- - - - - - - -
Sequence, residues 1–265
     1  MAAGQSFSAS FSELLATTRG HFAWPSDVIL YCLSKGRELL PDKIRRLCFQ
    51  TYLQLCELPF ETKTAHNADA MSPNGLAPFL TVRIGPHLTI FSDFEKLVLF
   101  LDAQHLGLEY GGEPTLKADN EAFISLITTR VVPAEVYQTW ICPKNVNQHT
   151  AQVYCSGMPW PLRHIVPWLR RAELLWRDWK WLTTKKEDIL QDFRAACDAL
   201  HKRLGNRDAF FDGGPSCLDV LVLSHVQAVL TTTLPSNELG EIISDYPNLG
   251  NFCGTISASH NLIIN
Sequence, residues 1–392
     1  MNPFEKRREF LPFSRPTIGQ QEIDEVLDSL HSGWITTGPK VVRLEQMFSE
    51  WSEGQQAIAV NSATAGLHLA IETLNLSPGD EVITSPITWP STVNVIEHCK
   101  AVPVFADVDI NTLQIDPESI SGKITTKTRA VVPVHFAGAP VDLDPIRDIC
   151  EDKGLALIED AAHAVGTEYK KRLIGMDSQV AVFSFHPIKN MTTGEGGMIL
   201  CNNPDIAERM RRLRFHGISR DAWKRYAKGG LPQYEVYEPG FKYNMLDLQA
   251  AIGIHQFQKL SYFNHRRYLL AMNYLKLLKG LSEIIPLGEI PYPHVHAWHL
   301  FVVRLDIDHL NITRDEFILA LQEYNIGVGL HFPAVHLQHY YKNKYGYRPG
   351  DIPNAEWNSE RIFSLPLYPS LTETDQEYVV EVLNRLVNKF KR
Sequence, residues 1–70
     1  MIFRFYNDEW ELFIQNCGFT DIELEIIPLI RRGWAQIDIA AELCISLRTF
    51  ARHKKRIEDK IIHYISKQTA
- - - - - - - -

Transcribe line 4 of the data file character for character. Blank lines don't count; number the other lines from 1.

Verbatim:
   101  LDAQHLGLEY GGEPTLKADN EAFISLITTR VVPAEVYQTW ICPKNVNQHT